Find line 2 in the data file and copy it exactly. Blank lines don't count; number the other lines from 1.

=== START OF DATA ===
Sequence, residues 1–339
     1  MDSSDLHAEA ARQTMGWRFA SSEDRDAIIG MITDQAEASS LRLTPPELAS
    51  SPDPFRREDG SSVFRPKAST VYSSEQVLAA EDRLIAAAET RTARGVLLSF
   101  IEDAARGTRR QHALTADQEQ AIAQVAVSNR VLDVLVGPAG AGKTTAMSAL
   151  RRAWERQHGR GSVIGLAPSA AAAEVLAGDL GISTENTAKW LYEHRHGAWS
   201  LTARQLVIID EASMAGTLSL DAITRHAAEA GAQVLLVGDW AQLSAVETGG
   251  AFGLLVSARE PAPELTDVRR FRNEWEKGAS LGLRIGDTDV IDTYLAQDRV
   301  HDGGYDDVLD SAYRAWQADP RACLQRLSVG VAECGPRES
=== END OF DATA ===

     1  MDSSDLHAEA ARQTMGWRFA SSEDRDAIIG MITDQAEASS LRLTPPELAS